This year's Giller gala, the annual event where Canadas literati and glitterati fete great books, was mostly a muted affair.It.
This year’s Giller gala, the annual event where Canadas literati and glitterati fete great books, was mostly a muted affair.
It was obvious that in the wake of prize founder Jack Rabinovitchs death last summer, no one wanted to be seen to be having too good a time. Ceremony host Mary Walsh was seriously defanged compared with her gig hosting the Toronto Film Critics gala in January (she was outrageously incendiary) laden this time with a leaden format and TV cameras broadcasting in prime time.
But as guests snacked on pre-dinner shrimp, lamb chops, mini grilled cheese and other delectables, there was rumour of a possible rebellion amongst the otherwise well-behaved crowd.
The issues are twofold: one is the foreign-based jury members, and the other more vexing to most is the weak criteria prize originators have established, allowing writers who were born in Canada but who havent spent that much time here, to be eligible.
Short lister Ed OLoughlin (Minds Of Winter), was born here but was raised in Dublin and now lives there with his family. And Rachel Cusk (Transit) was born in Canada but spent much of her early childhood in Los Angeles. She moved to the United Kingdom in 1974 and appears to be there for good.
In my cocktail conversations, Cusk was getting more heat, probably because her superb novel had a good chance of winning. Shes created a unique form in which her protagonist seems to disappear and the result, in both Outline (shortlisted in 2015) and in this years Transit, is truly mesmerizing. But at least two people said they intended to walk out of the room if she won.
To be fair to both OLoughlin and Cusk, their novels do have Canadian content OLoughlin more so as his book is Arctic-themed. Cusk references Toronto more or less in passing. And the authors can hardly be blamed if their books met the Giller criteria. To be eligible, a book must be a first-edition novel or short story collection written by a Canadian citizen or permanent resident and published in Canada.
In the end, the prize went to Michael Redhills Bellevue Square, and except for the fact that Redhill is white and male, there was nothing controversial about his triumph.
But now that weve passed through the transition year after Rabinovitchs death, it might be time for the Giller gang to look at what makes a book eligible.
The UKs Booker Prize doesnt have this problem. Confident in its standing as the worlds most important English-language literary award, organizers have gone in the other direction, expanding the criteria in 2014 to embrace any English-language piece of fiction, including those published in the U.S.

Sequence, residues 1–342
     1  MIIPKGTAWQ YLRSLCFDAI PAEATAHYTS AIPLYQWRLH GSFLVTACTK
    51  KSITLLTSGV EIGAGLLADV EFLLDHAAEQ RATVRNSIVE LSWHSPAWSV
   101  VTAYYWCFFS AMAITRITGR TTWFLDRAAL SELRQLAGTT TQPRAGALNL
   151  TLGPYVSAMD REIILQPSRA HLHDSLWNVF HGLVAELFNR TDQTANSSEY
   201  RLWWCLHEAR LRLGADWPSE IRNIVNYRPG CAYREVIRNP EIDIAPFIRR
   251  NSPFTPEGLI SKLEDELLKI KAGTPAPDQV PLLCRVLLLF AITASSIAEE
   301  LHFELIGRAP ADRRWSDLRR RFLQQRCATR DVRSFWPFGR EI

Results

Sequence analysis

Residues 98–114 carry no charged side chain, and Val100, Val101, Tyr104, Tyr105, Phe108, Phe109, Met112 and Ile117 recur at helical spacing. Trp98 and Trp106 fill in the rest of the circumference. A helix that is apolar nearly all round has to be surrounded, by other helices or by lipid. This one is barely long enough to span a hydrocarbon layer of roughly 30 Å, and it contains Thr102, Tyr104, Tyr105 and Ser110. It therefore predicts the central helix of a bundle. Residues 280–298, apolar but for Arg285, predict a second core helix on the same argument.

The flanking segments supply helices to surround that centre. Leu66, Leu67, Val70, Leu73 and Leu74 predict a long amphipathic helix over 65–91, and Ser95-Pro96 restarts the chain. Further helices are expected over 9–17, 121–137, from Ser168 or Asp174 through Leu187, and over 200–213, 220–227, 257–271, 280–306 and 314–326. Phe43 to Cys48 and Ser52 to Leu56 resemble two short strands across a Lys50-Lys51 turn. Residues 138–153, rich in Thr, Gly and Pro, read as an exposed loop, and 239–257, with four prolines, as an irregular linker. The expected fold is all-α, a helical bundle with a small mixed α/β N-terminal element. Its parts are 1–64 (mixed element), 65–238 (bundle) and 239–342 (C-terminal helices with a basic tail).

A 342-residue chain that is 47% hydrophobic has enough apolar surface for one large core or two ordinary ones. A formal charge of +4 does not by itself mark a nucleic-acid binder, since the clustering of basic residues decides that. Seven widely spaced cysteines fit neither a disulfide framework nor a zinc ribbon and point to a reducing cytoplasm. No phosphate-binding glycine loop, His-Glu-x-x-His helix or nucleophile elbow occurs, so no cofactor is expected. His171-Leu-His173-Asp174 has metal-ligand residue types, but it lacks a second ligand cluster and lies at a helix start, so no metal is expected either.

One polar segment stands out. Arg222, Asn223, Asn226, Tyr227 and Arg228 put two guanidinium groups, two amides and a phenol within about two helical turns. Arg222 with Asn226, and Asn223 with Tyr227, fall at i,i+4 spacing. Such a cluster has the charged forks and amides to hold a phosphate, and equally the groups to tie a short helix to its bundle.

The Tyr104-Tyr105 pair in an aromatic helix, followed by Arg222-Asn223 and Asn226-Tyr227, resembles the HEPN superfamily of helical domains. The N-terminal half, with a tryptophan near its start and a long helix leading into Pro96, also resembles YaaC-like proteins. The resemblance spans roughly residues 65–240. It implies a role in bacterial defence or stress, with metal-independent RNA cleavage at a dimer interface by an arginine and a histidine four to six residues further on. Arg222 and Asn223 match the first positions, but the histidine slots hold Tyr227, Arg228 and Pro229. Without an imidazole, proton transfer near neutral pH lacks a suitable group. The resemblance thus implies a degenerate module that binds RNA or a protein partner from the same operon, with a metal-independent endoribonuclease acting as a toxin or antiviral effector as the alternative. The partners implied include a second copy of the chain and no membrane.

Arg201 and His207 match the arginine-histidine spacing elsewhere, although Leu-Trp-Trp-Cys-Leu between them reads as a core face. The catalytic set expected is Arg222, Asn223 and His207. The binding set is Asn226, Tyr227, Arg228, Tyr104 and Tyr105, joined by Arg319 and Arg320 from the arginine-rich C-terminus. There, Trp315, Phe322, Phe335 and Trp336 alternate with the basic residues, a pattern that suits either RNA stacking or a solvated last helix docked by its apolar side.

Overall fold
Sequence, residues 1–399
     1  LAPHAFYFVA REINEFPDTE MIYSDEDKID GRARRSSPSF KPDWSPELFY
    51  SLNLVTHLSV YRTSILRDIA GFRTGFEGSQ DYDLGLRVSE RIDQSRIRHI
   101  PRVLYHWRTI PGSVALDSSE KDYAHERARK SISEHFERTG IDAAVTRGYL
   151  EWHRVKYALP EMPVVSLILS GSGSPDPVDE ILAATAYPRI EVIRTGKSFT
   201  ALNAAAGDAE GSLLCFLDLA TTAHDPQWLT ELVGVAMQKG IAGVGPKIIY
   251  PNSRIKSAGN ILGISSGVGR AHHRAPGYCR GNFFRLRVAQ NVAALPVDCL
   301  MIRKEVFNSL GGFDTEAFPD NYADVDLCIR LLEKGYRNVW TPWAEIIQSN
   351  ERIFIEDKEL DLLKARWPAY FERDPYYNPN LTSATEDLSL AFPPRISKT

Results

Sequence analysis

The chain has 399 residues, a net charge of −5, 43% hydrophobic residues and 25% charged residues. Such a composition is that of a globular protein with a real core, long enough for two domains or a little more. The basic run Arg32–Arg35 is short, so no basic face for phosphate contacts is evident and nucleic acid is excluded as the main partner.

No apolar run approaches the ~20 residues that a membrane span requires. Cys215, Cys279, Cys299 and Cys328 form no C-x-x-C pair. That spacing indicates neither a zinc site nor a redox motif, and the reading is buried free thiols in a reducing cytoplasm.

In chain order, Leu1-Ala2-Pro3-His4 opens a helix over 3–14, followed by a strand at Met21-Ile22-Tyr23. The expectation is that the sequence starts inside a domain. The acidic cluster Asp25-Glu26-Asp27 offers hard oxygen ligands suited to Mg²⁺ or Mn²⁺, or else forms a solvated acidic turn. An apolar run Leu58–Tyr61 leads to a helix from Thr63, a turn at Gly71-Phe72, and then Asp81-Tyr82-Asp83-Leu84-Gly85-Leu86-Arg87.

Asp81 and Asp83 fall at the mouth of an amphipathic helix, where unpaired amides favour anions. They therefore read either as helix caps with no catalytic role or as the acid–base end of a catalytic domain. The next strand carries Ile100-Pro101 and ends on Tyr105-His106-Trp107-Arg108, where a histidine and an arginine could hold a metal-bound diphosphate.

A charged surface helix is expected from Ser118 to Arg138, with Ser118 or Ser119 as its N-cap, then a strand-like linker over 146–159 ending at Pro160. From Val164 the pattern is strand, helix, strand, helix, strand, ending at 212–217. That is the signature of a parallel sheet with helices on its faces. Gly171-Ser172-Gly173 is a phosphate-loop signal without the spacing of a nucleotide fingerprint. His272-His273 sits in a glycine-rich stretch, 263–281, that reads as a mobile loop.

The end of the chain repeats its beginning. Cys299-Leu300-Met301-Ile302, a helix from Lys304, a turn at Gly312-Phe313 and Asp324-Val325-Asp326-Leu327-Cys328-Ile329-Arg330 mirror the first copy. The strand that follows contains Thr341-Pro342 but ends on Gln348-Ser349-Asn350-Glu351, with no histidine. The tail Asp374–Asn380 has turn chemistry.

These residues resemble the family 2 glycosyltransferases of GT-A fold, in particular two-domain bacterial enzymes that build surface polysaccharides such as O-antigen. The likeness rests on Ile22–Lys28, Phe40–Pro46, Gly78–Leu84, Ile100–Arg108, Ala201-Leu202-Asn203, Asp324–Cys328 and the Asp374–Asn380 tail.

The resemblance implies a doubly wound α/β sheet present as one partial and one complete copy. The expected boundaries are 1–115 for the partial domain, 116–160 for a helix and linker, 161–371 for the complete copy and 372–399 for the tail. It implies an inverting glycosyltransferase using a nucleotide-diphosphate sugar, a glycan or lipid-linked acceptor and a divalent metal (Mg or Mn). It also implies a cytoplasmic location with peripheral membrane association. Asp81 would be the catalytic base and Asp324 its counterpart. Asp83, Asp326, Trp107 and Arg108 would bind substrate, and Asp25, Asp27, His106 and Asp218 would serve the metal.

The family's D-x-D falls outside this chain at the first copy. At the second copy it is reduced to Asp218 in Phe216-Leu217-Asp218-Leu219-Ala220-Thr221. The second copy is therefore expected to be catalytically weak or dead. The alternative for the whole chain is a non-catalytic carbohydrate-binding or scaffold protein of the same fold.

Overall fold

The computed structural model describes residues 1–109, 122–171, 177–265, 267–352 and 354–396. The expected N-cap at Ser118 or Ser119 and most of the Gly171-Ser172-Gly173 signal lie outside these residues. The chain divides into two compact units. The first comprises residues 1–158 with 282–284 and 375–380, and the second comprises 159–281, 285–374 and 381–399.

Americas National Book Award, makes demands similar to that of the Giller. The author must be an American and have published the book in the States.
Intriguingly, Australias Miles Franklin Prize does none of the above. The books must be published in Australia but the stated eligibility factors make no mention of the authors citizenship.
The book must only be of a high literary merit and heres the thing must be of the present Australian life in any of its phases.
The focus is on the stories themselves and how they reflect on the country. So a tale set on Mars has no chance, unless its allegorical properties are obvious. Many authors shortlisted for the Giller have written works set elsewhere and with hardly a reference to Canada. Were the Giller to adopt similar guidelines, recent winners such as Esi Edugyans Half-Blood Blues and Sean Michaelss Us Conductors wouldnt qualify.
So, given that the Giller is clear that it wants to honour a Canadian, what makes an author Canadian, other than their passport?
Should a writer be disqualified if theyve lived out of the country for over five years? Where would that have left someone like Mavis Gallant, the celebrated Montreal-born short story writer who spent much of her life in Paris?
Maybe there should be a prerequisite that the author have published at least one book while living in Canada? That would make them the literary equivalents of Neil Young or Joni Mitchell, whove lived in Los Angeles for decades.
Personally, I have less difficulty with the criteria than I do with the Gillers warm welcome to jury members from the U.S. and UK. Why do we need them? Are we not capable of judging Canadas best books ourselves? We paid the price for inviting a British writer onto the jury when 2009 member Victoria Glendinning cast aspersions on CanLit in a takedown published in the Financial Times. She suggested, to paraphrase her, that mediocrity ruled our literary landscape.
Im sure this years foreign contingent, consisting of British author Richard Beard and the American Nathan Englander were more respectful, but you get the feeling prize officials either want celebrity sizzle on board sad in itself or worse, dont trust Canadians to judge their own.
Yes, were a small country and chances are a juror will personally know at least some of the authors whose books are presented to them, but the jury process can adapt to those problems.
The Giller team ought to give it a chance.
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